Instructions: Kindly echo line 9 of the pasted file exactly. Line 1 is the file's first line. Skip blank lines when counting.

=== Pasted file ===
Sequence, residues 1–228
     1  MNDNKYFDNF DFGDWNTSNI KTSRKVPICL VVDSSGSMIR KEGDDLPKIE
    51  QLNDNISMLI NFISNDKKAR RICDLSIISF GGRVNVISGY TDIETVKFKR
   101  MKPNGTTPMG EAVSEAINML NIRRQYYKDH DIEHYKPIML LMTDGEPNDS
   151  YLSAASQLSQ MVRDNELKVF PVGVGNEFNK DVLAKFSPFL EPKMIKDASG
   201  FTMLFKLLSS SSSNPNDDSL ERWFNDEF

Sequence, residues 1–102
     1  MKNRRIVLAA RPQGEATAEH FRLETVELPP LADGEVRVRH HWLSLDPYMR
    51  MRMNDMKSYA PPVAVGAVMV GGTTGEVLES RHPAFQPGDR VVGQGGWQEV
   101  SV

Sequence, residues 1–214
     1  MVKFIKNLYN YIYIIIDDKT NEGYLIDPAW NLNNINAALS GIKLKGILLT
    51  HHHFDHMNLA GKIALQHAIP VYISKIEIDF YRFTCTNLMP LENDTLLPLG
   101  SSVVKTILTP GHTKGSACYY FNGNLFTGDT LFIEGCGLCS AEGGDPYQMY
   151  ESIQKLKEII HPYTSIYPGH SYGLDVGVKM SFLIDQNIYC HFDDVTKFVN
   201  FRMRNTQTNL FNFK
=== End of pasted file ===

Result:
    51  MRMNDMKSYA PPVAVGAVMV GGTTGEVLES RHPAFQPGDR VVGQGGWQEV